The National Human Rights Commission (NHRC) has asked the Delhi government to fix a timeline to rectify the cause of poor air quality at hotspots and inquired about the status of alternative landfill sites.
The NHRC on Friday held the third hearing of chief secretaries of Punjab, Uttar Pradesh, Haryana and Delhi on air pollution in Delhi NCR in light of reports submitted by them in response to its directions in the last meeting. Seeking further reports, the next date of hearing has been fixed for November 25.
“The commission asked the Delhi government to fix a timeline to find out and rectify the cause of poor air quality at the hot spots and when these will become normal. The commission also enquired about the status of alternative landfill sites for garbage disposal and cleaning thereof,” it said in a statement.
While taking note of some of the actions taken by the state governments to control air pollution by managing stubble, dust, and hospital sewage, among others, the panel emphasised that they needed a strategic plan to plug the gap between policy and implementation.
The panel said the Punjab government would need to have dedicated machines for poor farmers to harvest and dispose of stubble. These machines should be procured and provided free of cost to the poor farmers through panchayats or cooperatives to bring down incidents of stubble burning to zero.
It asked for specific details of stubble generated, how much was burnt and how much was processed effectively by specifying place-wise incidents. It also asked the government to find alternatives if crop residue decomposer machines were not effective.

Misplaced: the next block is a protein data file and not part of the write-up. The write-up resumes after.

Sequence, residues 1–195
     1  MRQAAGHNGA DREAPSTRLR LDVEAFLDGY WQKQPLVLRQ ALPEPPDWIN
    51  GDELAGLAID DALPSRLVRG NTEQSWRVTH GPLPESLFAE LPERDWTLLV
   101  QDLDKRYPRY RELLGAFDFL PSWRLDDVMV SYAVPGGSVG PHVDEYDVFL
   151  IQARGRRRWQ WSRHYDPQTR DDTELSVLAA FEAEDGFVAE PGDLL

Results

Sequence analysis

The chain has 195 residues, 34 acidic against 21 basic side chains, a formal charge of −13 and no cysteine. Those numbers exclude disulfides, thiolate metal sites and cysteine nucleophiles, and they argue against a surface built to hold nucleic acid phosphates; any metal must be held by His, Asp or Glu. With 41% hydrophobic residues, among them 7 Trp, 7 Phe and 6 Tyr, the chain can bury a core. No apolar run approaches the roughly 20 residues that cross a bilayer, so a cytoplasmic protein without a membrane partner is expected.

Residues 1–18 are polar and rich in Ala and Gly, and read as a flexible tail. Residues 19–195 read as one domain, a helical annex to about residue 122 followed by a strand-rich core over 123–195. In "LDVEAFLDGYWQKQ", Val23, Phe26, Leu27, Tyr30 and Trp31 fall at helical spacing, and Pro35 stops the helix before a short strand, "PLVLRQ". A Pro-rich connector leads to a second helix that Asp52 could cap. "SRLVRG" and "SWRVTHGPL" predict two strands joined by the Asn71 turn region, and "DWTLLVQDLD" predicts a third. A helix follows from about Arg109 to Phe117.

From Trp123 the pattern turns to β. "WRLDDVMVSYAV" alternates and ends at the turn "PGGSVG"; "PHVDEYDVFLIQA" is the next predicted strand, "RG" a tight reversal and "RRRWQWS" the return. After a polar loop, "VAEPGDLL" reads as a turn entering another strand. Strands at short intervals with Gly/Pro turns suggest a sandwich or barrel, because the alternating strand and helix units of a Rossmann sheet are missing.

The states need to purchase mechanised sweeping machines for every city in coordination with civic bodies and make special provisions in the budget, it said.
There should be a roadmap to provide civic amenities in a phased but time-bound manner, the panel added.
It also expressed concern over the deaths of persons involved in “hazardous cleaning” without protective gear. It asked the governments to purchase mechanical cleaning devices such as ‘bandicoots’ and safety equipment for those involved in such “hazardous cleaning” in septic tanks.
The human rights body said it was high time that public functionaries took note of the hazard, failing which it would be constrained to recommend criminal proceedings against them, according to the statement.
The panel said officials could not absolve themselves of their statutory responsibilities by diverting the cleaning of septic tanks and sewage to a contractor. It also said the government should identify the spots where there was a danger of poisonous gas and install danger signals.
It has also asked for a specific report from the Uttar Pradesh government on the number of hospitals served notices for not complying with the guidelines for disposal of medical waste and the date-wise details of action taken for revocation of the licences of those facilities found flouting the norms.
The panel is also issuing notices to the Delhi government’s Transport and Police departments, Delhi Jal Board, Commission for Air Quality Management, Delhi Cantonment Board, Central Public Works Department, NBCC India, National Highways Authority of India, Delhi Metro Rail Corporation, Central Pollution Control Board, Delhi Development Authority and Delhi Pollution Control Board to submit their responses before November 25 in connection with the steps being taken or proposed to improve air quality in Delhi-NCR to ensure safe health and ambient atmosphere for citizens, it said.
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